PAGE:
I recently found myself drawn to revisiting our 2003 video “Voices from the Lived World of Illness.” I watched four courageous people express honest and heartfelt accounts of their experiences as patients facing advanced cancer. What they said resonates with me to this day. It’s as if their words are seared into my memory.
I’ve been finding myself digging around in stacks of archival materials, writings begun but left for another day and, to my surprise, work completed long ago. One of the unfinished pieces was based upon interviews with cancer patients about the role of religion and spirituality in their lives, especially as they faced an uncertain future.
Over the years I’ve often referenced the Writing Is Good Medicine® program that I created while a medical humanist at Southwestern Vermont Regional Cancer Center. Whether in essays for this blog or presentations at medical conferences, I would use examples of patient’s writings to emphasize what may have been untold thoughts and feelings, moving the spotlight from illness to the person.
Not being a clinician, I was afforded a lot of latitude at the cancer center in Bennington. Sometimes, the staff didn’t know what to do with this medical humanist among them. On one occasion, I suggested we present an exhibit of abstract art.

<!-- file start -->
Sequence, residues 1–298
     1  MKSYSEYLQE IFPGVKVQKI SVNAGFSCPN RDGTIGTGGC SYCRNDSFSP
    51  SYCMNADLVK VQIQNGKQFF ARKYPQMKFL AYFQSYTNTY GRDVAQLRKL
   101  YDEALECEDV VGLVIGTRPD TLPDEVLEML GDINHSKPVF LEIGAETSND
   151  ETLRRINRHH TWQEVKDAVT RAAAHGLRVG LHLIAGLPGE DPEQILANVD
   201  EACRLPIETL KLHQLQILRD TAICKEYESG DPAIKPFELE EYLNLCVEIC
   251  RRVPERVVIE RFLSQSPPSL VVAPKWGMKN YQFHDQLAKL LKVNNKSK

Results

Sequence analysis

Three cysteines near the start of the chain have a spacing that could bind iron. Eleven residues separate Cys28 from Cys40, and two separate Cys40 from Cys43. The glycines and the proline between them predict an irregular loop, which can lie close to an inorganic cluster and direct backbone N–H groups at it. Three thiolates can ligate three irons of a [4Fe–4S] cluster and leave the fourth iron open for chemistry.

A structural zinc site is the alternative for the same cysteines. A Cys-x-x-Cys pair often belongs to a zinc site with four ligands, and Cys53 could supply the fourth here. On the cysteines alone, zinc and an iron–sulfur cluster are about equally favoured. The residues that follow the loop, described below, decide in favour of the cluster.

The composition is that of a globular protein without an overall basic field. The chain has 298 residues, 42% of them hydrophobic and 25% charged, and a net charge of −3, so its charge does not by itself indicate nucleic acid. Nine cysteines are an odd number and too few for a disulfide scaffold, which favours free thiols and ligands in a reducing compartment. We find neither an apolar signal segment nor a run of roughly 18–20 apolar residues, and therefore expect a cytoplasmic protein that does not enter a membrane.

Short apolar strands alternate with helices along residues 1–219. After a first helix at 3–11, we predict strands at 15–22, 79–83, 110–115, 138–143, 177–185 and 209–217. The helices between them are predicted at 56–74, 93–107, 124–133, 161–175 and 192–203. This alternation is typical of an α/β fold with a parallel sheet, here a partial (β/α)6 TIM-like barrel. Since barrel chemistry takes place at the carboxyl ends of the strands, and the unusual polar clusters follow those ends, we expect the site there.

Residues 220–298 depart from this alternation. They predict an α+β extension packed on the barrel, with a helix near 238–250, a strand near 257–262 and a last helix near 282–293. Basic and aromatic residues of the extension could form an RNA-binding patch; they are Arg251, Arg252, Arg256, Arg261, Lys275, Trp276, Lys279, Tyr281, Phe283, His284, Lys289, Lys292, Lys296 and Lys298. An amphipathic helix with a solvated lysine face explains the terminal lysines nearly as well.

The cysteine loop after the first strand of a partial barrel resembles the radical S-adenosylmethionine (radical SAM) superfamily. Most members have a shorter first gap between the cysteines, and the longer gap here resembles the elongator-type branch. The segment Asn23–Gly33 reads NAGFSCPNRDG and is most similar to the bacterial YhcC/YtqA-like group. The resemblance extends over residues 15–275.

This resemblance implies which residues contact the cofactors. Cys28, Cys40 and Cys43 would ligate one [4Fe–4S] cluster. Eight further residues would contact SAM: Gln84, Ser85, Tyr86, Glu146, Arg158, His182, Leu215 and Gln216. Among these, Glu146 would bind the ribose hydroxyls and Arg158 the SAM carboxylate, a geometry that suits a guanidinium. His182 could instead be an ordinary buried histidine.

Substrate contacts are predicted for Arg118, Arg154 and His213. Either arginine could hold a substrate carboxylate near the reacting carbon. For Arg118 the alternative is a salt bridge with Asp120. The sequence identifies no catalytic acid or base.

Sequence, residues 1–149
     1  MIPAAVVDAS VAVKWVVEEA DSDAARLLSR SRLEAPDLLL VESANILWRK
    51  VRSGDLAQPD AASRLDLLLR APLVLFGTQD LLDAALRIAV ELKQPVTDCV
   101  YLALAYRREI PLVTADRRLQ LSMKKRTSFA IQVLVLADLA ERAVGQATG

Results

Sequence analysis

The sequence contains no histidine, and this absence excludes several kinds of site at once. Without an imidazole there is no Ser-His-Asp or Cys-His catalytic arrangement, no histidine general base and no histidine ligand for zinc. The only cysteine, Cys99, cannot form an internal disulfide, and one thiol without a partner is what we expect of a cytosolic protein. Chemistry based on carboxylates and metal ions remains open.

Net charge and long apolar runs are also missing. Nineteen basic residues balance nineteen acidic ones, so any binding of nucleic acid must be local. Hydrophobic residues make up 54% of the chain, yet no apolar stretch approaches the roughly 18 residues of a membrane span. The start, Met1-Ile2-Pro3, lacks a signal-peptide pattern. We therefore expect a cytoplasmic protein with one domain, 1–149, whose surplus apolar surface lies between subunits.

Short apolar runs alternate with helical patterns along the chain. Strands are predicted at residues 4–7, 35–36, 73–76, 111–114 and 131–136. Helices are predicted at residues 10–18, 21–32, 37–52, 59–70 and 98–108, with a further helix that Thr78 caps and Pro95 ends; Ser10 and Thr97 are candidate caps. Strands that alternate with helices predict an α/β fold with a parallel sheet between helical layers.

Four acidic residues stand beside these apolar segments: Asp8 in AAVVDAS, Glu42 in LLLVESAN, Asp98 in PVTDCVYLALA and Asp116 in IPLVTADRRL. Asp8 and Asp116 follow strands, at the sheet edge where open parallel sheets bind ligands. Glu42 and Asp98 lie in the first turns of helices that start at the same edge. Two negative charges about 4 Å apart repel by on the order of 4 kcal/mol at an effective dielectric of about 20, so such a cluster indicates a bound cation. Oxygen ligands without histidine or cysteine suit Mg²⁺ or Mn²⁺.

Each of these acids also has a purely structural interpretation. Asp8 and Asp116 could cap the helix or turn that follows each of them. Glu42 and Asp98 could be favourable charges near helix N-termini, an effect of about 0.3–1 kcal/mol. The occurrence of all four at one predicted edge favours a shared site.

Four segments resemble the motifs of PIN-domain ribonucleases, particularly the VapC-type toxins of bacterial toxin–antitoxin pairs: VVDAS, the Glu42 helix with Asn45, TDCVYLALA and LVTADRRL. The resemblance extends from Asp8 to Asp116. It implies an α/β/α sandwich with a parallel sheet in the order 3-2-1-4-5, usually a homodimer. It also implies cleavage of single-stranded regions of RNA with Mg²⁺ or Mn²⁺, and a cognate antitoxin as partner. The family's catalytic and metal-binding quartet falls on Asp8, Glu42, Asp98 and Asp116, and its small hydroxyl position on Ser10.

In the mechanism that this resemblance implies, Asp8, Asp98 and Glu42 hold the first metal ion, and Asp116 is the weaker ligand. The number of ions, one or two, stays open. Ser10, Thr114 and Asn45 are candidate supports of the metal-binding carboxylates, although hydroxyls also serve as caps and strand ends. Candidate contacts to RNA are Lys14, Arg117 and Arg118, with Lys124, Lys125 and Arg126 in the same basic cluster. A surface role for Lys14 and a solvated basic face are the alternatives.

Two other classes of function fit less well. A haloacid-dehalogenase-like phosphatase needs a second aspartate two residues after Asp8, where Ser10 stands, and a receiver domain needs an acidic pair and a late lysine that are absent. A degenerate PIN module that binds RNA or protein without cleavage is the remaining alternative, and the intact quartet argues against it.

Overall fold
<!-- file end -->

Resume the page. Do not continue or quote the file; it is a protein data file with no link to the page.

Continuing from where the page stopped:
“In times of crisis we summon our strength…
call on every resource…every forgotten image…
every memory that can make us know our power.”
– Muriel Rukeyser
How does one live with uncertainty when facing a life-threatening illness? Where does one find inner strength? Where does one look for supportive resources? Most patients will tell you that they frequently ask themselves these questions.
On Saturday, September 7 from 6– 8 pm the Bennington, VT-based Center for Communication in Medicine (CCM) will offer a SpeakSooner® community education forum, Re-defining Quality of Life: Living Fully With Illness, Disability and Aging at the MACK Performing Arts Center at Arlington Memorial High School in Arlington, VT. The program is free and open […]
“How to Improve Communication with Doctors” On Wednesday, July 10, Center for Communication in Medicine (CCM) founders, Dr. Bernard Bandman and Celia Engel Bandman, will be presenting a program, “How to Improve Communication with Doctors”, sponsored by the Vermont Center for Independent Living (VCIL). The event is free and open to the public. Here in […]
In the early 2000’s the Center for Communication in Medicine created a program for physicians at Southwestern Vermont Medical Center titled “Doctors Conversation Hour.”
To be a person is to have a story to tell. —Isak Dinesen
It’s hard enough that a diagnosis comes along to threaten our lives—does it also have to threaten our life stories?